In this decade-long case, however, the FBI identified these 10 illegals via a source in Moscow soon after they began arriving in America in the 1990s, and had each of them under full surveillance. The fact that none of them ever led their FBI tails to a mole suggests that Moscow Center was not totally blind to its operation. After all, up until November 2000, the Russian intelligence service had its mole Robert Hanssen strategically placed in FBI counterintelligence. Sp it might have learned from him (or other sources) about the FBI surveillance.
The criminal complaint filed in federal court against these 10 illegals shows just how transparent this spy game had become to both sides. The FBI gratuitously reveals that it had decrypted the Russian code used by Moscow Center to communicate with these illegals. Under most circumstances, security services such as the FBI go to extraordinary lengths to keep secret their sources and methods, especially communication intelligence that allow them to read adversaries' coded messages. Certainly, the FBI would only reveal that it had decrypted the Russian cipher if it had fully established that Russian intelligence already was aware that it had cracked its code and was reading itd messages. But this meant Moscow would likely use it to send messages to an FBI audience. Consider, for example, the mission statement it sent to its agent "Richard Murphy" in the final stages of the game in 2009 and which the FBI duly decrypted. It informed its audience which included the FBI: "You were sent to USA for long-term service trip. Your education, bank accounts, car, house etc. all these serve one goal: fulfill your main mission, i.e. to search and develop ties in policy making circles in US." What made this mission statement exceedingly odd was that the recipient had been operating in America for more than a decade and would not need to be told again at this late date over a compromised channel the nature of his mission. So its purpose may have been to divert the FBI focus away from the possibility that their mission was to service a mole.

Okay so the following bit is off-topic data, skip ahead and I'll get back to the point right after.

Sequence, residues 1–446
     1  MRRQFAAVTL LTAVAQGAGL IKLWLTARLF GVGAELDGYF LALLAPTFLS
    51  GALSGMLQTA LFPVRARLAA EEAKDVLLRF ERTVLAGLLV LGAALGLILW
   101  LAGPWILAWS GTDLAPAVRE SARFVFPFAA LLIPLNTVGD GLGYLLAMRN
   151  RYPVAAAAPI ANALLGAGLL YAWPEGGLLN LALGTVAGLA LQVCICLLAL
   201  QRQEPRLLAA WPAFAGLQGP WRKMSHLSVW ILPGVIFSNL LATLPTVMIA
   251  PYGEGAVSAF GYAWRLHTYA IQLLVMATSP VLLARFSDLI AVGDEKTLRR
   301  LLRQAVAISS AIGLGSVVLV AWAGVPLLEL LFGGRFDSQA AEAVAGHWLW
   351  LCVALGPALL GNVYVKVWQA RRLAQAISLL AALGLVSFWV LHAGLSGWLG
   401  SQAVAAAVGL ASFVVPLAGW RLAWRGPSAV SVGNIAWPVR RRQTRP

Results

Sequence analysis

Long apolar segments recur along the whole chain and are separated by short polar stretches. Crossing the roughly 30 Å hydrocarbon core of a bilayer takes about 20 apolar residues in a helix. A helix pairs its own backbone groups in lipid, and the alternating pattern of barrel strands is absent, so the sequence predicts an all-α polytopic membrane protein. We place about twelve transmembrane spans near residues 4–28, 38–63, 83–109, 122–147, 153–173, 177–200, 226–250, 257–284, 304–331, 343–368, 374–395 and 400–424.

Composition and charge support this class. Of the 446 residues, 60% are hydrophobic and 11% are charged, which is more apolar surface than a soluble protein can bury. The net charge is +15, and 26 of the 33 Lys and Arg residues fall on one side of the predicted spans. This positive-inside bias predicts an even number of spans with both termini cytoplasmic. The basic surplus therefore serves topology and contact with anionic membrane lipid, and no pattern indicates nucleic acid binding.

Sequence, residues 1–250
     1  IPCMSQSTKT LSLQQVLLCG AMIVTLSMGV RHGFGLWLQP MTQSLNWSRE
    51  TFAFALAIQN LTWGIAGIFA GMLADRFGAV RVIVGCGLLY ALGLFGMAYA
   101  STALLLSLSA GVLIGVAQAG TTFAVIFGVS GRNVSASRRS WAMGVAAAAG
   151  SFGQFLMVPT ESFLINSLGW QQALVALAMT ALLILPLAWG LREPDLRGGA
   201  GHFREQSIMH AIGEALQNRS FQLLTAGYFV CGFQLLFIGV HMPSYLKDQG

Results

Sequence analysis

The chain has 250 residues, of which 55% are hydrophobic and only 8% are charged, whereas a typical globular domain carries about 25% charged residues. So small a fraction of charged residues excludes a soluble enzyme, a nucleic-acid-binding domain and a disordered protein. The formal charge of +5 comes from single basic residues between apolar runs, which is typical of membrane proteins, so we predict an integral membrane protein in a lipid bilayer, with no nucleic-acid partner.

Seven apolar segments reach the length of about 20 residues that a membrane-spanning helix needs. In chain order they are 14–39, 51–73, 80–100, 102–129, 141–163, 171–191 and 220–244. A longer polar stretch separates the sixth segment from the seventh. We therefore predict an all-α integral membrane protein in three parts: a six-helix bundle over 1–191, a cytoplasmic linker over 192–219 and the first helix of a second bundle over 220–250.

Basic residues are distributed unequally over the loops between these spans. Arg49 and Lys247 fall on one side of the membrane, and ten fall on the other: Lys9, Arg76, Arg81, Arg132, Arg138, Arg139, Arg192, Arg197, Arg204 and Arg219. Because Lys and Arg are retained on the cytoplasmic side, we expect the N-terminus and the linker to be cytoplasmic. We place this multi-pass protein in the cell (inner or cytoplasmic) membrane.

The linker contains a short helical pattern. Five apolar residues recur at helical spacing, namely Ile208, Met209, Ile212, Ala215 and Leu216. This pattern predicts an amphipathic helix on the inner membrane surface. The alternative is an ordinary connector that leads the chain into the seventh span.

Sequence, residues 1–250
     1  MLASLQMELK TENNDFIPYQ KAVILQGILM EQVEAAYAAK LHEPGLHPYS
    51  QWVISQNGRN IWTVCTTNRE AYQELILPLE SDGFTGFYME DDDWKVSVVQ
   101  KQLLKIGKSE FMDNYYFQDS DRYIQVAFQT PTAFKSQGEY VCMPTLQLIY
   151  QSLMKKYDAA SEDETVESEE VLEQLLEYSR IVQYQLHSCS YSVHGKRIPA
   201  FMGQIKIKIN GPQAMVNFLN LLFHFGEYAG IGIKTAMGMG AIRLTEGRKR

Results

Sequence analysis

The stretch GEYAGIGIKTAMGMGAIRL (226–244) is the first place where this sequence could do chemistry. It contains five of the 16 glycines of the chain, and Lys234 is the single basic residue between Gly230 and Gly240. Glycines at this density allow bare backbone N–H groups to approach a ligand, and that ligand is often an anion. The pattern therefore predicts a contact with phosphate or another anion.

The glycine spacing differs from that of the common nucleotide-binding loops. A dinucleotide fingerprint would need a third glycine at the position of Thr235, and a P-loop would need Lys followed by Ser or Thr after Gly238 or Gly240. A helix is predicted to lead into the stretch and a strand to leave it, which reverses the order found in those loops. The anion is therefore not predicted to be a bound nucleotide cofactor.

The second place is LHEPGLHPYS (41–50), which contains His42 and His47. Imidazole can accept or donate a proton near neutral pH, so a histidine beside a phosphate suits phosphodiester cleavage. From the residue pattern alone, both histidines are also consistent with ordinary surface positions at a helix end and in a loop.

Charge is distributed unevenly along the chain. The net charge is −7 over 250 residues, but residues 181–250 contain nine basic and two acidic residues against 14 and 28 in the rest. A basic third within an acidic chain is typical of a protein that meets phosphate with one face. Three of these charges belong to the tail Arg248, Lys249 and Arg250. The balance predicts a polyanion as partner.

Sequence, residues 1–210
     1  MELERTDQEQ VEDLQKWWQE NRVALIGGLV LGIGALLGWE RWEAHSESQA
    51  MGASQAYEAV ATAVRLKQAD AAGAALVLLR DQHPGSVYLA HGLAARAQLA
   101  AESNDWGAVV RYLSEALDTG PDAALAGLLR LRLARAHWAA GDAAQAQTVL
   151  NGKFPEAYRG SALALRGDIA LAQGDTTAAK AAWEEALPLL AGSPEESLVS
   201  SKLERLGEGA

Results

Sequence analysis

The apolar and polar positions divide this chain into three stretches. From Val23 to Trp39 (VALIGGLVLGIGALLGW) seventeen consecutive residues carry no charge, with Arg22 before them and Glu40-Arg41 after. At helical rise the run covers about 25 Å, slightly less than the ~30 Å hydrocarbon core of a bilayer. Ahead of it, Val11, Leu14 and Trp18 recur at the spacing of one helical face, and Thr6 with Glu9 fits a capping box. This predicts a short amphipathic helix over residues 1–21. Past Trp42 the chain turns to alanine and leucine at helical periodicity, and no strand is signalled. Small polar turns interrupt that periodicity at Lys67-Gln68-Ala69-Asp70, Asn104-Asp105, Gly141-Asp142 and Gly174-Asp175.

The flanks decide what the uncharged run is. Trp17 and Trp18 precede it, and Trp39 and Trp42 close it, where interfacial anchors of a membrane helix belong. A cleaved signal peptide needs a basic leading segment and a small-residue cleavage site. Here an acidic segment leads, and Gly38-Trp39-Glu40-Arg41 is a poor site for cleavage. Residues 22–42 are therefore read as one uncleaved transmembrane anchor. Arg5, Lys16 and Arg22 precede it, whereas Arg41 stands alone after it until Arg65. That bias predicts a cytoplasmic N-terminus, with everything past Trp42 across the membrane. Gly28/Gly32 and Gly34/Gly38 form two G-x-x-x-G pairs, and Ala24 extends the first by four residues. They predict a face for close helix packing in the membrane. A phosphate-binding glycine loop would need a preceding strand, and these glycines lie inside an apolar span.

Whatever their actual mission, they were part of an ongoing Russian espionage enterprise in America. Though the arrests were largely treated by the media as some bizarre throwback to the Cold War, they show that the Russia intelligence has been expending resources over the past 20 years to install the plumbing necessary to service penetration agents and other sources. This raises the question: Why does Russia continue to spy on America after the end of the Cold War?
The short answer is that the spy war never ended. The CIA still has a division dedicated to recruiting and managing moles inside the Russian government. And the Russian intelligence service, though it may have changed its name from the KGB to the SVI or FSB, continues to recruit its own moles such as Ames and Hanssen at the heart of American intelligence. Nor can either side stop without leaving itself vulnerable to undetected penetrations. The Game of Nations is thus self-perpetuating.

Why The CIA Went Wrong On Iran's Nukes